There lies a hidden problem in the United States that remains unknown to the majority of the population. This problem affects our classrooms, our economy, our workforce, our infrastructure, and many other areas. To machinists, it’s apparent—a lack of skilled workers in the mechanical field. For decades, the US has seen a lack of pursuance and interest in the mechanical field, which leaves many machinist companies without skilled workers. This lack of skilled workers leads to a decrease in production and an overall reduction in innovation…
But like most problems, this issue didn’t happen overnight.
For insight into why the mechanical industry is losing interest and traction, Leading Edge Industrial explores our history.
We see the earliest forms of mechanical pursuits start with the advent of the Industrial Revolution in the early 1800s. The US began to spread transportation routes all over the country with railroads and steamships, which facilitated an easy transfer of resources. With an abundance of natural resources, a large labor force, and an eagerness to scale and produce, the mechanical field was well underway.
The mechanical field continued to grow until it exploded with the roaring 20s. The roaring 20s was a growth of innovation, production, and ingenuity. World War I boosted the US economy by allowing new countries to purchase products from the US. The United States also began to mass produce vehicles, radios, and other household appliances, which were quickly purchased by consumers. Though the economy crashed in the early 30s, it quickly rebounded with World War II, when a desperate need for war equipment and other tools called US manufacturing to action.
When World War II ended in 1945, the United States launched into a new period of affluence—fit with sprawling suburbs, larger households, and a hunger for material goods. The mechanical field soared as requests for newer, better, and more luxurious products were demanded.
The Cold War
Though the mechanical industry was thriving, one of the earliest blows to the industry came in the form of the Cold War. As tensions between the United States and the Soviet Union grew, the fear of an atomic war loomed over the country. In order to combat the fear and urgency felt, the government placed a new emphasis on education. Young students were encouraged to pursue mathematics, science, computer science, and foreign language. With grants from institutions like the Higher Education Act in 1965 and the National Science Foundation, students were pushed to take research-based, technical classes—turning an eye away from mechanical pursuits.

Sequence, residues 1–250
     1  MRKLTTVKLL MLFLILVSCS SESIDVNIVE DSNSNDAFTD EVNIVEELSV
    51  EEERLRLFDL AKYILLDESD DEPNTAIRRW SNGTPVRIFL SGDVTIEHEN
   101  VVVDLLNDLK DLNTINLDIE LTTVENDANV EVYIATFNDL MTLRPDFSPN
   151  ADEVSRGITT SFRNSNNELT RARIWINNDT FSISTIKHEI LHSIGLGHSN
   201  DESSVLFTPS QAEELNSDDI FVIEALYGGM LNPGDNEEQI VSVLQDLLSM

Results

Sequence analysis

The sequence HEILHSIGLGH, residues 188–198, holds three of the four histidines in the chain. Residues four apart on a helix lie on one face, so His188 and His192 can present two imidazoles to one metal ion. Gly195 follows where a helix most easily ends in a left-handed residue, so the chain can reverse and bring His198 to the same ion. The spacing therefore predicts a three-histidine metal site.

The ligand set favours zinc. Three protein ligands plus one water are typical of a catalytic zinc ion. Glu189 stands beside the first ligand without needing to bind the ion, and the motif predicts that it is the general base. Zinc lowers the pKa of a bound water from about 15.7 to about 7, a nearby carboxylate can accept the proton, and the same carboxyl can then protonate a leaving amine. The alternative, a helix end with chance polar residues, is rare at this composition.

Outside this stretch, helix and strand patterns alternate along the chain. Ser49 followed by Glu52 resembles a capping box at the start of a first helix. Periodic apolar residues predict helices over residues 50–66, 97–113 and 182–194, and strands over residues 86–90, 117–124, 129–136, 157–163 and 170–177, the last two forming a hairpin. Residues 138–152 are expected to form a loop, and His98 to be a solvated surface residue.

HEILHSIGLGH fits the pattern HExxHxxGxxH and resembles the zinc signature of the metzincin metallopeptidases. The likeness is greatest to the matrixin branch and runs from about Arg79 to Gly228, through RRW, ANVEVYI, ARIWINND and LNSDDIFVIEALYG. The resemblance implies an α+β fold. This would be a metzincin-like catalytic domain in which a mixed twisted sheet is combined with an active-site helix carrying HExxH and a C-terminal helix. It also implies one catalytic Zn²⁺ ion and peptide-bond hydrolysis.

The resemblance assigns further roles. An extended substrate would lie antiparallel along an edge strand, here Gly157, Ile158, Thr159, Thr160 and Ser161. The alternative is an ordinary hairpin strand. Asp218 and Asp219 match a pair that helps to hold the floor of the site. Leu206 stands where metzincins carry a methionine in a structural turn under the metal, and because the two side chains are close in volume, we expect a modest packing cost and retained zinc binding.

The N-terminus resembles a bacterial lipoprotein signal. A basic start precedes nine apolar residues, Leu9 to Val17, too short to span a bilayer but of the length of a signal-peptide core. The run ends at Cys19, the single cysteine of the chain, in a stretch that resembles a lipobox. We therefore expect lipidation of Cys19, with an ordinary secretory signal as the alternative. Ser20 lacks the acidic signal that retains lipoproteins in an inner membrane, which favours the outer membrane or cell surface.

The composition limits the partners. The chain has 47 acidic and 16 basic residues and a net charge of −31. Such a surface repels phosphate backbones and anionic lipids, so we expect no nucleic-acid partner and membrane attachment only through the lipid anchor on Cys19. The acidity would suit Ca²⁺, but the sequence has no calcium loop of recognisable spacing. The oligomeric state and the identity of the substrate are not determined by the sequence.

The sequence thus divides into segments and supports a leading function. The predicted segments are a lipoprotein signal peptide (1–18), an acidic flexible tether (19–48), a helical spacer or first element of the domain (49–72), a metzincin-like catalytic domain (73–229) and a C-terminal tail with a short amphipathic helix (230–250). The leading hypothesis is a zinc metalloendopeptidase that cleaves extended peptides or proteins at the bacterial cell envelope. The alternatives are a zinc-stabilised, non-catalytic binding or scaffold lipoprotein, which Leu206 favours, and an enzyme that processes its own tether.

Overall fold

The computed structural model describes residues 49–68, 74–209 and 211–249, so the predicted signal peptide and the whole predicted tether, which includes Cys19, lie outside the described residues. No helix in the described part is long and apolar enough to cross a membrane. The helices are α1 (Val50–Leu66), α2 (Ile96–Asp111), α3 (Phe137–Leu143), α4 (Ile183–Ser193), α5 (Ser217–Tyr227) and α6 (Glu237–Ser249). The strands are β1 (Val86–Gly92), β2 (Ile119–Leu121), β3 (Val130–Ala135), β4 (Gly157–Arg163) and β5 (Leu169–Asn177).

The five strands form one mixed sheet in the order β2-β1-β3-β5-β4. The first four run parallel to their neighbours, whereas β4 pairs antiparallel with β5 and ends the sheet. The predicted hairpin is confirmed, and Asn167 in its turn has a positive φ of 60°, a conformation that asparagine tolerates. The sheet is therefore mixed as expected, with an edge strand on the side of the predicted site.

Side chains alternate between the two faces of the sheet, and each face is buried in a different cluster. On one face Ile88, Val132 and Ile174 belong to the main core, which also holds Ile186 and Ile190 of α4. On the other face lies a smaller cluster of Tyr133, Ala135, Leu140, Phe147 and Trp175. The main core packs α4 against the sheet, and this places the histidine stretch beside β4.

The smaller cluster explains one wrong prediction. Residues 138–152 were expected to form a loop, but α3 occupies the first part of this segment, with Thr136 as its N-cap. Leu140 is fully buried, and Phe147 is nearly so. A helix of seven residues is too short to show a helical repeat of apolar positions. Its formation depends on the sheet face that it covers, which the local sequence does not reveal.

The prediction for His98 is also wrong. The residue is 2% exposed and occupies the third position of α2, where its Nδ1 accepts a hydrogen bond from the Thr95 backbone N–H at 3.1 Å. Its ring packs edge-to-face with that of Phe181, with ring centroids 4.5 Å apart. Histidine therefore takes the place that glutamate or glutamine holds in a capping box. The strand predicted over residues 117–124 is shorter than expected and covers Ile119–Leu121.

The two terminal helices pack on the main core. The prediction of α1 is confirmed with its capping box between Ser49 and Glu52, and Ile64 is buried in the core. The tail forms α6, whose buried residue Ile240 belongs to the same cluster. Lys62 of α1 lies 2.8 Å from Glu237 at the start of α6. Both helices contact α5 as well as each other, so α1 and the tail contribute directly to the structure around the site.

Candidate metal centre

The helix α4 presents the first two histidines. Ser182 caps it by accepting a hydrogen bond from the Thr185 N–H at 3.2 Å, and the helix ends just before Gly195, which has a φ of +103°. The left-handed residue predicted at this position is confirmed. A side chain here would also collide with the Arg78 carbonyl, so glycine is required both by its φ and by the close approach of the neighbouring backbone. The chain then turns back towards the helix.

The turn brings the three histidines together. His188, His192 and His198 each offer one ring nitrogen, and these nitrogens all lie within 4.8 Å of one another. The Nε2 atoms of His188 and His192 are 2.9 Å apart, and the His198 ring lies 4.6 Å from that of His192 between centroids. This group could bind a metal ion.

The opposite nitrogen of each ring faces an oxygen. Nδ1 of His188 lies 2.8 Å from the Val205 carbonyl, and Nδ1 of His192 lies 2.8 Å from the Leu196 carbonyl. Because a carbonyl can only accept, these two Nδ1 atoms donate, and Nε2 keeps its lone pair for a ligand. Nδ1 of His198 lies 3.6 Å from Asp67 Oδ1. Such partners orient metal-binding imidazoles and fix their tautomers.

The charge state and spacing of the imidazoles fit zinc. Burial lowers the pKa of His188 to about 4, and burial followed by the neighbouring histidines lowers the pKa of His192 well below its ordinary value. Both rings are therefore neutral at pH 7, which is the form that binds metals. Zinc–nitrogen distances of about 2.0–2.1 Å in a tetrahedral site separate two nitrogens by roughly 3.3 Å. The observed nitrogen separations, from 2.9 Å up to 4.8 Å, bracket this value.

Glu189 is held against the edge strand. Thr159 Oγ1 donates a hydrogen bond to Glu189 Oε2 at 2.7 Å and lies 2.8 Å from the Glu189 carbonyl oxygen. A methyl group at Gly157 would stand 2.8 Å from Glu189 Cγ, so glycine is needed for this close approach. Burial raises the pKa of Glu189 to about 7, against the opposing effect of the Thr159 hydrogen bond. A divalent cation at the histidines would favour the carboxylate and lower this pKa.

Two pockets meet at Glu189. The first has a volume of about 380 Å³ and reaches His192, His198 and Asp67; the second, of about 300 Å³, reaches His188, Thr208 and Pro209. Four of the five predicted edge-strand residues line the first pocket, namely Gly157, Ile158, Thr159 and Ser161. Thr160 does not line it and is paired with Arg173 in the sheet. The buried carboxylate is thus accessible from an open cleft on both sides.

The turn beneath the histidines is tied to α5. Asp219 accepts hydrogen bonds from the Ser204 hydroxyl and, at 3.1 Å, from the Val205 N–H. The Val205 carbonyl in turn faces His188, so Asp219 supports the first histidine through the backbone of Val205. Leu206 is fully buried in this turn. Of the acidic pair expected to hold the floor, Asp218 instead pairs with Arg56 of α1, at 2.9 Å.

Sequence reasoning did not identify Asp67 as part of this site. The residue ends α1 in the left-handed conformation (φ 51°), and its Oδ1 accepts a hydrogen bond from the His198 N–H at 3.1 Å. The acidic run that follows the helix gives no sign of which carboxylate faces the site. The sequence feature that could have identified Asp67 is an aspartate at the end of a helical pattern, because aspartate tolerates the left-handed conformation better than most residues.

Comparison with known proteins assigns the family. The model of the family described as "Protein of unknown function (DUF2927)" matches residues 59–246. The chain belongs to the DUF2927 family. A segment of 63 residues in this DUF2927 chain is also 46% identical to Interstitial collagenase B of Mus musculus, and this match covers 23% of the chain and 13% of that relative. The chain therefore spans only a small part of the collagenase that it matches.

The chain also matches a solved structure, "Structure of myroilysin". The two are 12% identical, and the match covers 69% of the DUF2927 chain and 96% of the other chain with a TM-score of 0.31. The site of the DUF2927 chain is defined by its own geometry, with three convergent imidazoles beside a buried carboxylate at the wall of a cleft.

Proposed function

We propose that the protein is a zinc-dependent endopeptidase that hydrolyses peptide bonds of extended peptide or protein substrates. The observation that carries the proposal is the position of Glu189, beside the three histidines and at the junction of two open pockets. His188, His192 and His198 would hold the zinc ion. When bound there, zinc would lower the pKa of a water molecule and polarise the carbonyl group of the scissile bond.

This trend of placing a higher value on education continued into the 60s and 70s, with presidents John F. Kennedy and Lyndon B. Johnson spending mass amounts of money on educational reform. This time period also witnessed a turn away from mass consumption as many youths denounced excess luxury—the same luxury which spurred many mechanical pursuits.
As the 70s faded into the background, the 80s saw a grand increase in the number of academic courses needed to graduate. Classes like English, social science, and math were given a new importance. As students added these new requirements to their agendas, they had less time to enroll in courses like woodshop and physical fitness classes.
Hardships of the Early 2000s
The decreased enrollment of students in woodshop courses continued into the 90s and 2000s. Many school districts faced sharp budget cuts due to untimely recessions in the early 90s and mid 2000s. As school districts were faced with tough spending choices, many opted to cancel offered electives—thus, woodshop and industrial design were among the first classes to be cut.
In addition to spending cuts, schools that do sponsor industrial and mechanical classes have been experiencing difficulties with finding qualified teachers. According to the Los Angeles Times, the average age of the US woodshop teacher is 55, meaning that these teachers are close to the retirement age. Though it wouldn’t be hard to find qualified teachers to instruct courses like math or science, a lack of interest and study in the mechanical field has produced a serious lack of skilled teachers—forcing many schools to cancel their industrial classes altogether.
Will We Continue to Lose Mechanical Classes?
As our nation steers away from placing importance on manufacturing, will future students still be given an opportunity to experience the possibilities that a mechanical education can bring?
Tune in next week as Leading Edge Industrial explores the current situation of mechanical education and read our thoughts on how schools and the industry can help remedy the troubling skill gap found in the United States.